Observations on Byssus Systems in the Spat of Cerastoderma Glaucum and C. Edule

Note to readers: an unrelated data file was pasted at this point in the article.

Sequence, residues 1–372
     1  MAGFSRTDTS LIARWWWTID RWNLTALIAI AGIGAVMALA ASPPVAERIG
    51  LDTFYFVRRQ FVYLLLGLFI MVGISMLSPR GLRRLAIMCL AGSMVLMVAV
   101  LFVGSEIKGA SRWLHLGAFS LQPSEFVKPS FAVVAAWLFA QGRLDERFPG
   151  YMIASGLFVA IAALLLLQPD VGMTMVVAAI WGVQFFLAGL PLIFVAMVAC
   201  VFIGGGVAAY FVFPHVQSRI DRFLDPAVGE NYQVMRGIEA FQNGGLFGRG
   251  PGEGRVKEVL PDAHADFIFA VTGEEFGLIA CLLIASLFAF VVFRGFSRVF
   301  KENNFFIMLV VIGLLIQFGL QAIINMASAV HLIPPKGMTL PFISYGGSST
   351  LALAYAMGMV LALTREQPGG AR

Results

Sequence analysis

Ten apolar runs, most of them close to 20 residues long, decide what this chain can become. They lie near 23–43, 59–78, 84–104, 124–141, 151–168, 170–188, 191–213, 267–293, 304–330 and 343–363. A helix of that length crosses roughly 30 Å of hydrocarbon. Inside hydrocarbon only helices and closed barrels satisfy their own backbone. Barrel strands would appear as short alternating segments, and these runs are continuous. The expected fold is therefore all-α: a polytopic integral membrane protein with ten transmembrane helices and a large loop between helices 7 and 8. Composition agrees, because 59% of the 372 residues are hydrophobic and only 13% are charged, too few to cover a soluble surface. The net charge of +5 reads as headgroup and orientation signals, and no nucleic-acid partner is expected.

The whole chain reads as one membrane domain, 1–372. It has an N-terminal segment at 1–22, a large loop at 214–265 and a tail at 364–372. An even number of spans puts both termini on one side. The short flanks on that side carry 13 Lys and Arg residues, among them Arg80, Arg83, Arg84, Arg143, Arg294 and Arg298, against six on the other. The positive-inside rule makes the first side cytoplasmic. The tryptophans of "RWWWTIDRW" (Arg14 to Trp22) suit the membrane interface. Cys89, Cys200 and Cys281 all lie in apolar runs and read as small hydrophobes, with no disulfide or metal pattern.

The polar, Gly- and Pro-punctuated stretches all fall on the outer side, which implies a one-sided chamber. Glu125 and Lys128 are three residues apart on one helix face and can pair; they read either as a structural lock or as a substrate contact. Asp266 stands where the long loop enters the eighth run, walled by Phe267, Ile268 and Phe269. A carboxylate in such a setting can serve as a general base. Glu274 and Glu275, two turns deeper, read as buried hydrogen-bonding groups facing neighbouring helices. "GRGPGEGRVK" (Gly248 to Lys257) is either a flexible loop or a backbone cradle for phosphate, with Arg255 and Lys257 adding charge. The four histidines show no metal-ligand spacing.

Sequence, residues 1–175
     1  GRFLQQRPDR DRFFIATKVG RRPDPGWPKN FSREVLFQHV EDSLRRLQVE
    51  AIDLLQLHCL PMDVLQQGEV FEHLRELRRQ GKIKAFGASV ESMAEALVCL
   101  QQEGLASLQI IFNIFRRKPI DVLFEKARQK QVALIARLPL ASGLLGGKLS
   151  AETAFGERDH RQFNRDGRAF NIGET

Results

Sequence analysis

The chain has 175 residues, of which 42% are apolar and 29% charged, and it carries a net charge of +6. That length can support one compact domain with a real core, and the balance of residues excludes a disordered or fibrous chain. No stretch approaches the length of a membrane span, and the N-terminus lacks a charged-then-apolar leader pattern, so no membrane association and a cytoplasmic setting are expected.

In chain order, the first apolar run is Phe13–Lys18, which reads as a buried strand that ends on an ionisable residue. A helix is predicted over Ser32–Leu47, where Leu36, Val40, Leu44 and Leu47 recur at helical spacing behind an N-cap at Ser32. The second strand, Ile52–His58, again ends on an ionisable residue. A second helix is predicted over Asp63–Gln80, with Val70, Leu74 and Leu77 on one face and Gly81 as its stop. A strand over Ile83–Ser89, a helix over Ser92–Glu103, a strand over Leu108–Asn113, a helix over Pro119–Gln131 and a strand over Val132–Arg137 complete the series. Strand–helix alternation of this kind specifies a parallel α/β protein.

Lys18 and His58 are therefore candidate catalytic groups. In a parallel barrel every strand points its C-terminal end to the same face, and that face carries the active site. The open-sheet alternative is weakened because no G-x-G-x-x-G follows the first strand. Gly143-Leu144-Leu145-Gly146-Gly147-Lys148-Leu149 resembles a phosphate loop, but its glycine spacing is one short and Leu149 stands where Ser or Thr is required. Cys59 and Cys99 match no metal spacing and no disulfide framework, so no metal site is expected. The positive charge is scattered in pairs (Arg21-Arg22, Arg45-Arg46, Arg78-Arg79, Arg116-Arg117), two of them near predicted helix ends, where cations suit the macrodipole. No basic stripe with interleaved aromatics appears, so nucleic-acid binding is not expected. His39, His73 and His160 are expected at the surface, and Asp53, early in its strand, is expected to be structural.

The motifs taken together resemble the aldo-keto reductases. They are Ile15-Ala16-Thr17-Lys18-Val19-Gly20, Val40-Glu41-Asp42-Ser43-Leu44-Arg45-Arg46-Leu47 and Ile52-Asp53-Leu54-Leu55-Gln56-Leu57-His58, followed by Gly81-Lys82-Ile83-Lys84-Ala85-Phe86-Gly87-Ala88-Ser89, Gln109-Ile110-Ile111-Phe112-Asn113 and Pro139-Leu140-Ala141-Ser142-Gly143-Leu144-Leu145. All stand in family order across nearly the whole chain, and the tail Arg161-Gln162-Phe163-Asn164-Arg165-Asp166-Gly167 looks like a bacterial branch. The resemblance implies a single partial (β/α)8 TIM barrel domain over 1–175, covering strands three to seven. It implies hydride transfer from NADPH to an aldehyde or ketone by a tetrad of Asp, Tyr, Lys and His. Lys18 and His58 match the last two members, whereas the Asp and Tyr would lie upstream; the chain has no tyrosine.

Observations made of the byssus apparatus of Cerastoderma glaucum and C. edule are reported and include an account of the mobility of the spat in the laboratory cultures. In their typical natural habitats both species are capable of an extended pelagic existence following initial settlement from the plankton. During this period C. edule alternates pedal crawling with byssal drifting to give horizontal dispersal; C. glaucum combines pedal crawling with byssal climbing of submerged vegetation resulting in vertical dispersal. It is suggested that the behaviour of young C. glaucum spat enables them to escape unfavourable conditions at the muddy bottom of their typical lagoon habitat, and to compete more favourably for food. The structural adaptations for these activities are in the byssus gland system which, in C. edule is relatively simple and secretes a thin unbranched thread; but in C. glaucum is more elaborate and secretes a stronger thread with anchoring side branches. These differences have incidental taxonomic value in separating these closely related species.